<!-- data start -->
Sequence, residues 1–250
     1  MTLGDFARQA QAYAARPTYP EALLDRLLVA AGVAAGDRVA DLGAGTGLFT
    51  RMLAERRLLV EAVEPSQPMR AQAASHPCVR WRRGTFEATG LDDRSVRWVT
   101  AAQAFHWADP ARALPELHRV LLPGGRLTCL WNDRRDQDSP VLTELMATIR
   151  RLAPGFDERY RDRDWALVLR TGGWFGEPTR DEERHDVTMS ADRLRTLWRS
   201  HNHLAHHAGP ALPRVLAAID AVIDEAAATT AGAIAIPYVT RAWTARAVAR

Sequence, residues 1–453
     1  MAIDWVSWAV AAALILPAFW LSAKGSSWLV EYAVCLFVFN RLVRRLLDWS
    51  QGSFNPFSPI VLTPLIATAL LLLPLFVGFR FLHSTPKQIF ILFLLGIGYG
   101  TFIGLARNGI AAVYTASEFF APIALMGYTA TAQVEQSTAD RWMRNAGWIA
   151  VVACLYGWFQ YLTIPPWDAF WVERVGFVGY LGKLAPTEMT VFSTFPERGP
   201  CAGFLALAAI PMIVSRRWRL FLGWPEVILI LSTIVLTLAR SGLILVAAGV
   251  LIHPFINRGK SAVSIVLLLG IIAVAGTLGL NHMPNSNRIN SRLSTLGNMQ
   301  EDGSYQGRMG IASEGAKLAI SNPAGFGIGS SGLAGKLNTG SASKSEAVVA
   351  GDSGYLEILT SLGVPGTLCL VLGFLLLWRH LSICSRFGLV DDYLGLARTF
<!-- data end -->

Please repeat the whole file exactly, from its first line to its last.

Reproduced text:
Sequence, residues 1–250
     1  MTLGDFARQA QAYAARPTYP EALLDRLLVA AGVAAGDRVA DLGAGTGLFT
    51  RMLAERRLLV EAVEPSQPMR AQAASHPCVR WRRGTFEATG LDDRSVRWVT
   101  AAQAFHWADP ARALPELHRV LLPGGRLTCL WNDRRDQDSP VLTELMATIR
   151  RLAPGFDERY RDRDWALVLR TGGWFGEPTR DEERHDVTMS ADRLRTLWRS
   201  HNHLAHHAGP ALPRVLAAID AVIDEAAATT AGAIAIPYVT RAWTARAVAR

Sequence, residues 1–453
     1  MAIDWVSWAV AAALILPAFW LSAKGSSWLV EYAVCLFVFN RLVRRLLDWS
    51  QGSFNPFSPI VLTPLIATAL LLLPLFVGFR FLHSTPKQIF ILFLLGIGYG
   101  TFIGLARNGI AAVYTASEFF APIALMGYTA TAQVEQSTAD RWMRNAGWIA
   151  VVACLYGWFQ YLTIPPWDAF WVERVGFVGY LGKLAPTEMT VFSTFPERGP
   201  CAGFLALAAI PMIVSRRWRL FLGWPEVILI LSTIVLTLAR SGLILVAAGV
   251  LIHPFINRGK SAVSIVLLLG IIAVAGTLGL NHMPNSNRIN SRLSTLGNMQ
   301  EDGSYQGRMG IASEGAKLAI SNPAGFGIGS SGLAGKLNTG SASKSEAVVA
   351  GDSGYLEILT SLGVPGTLCL VLGFLLLWRH LSICSRFGLV DDYLGLARTF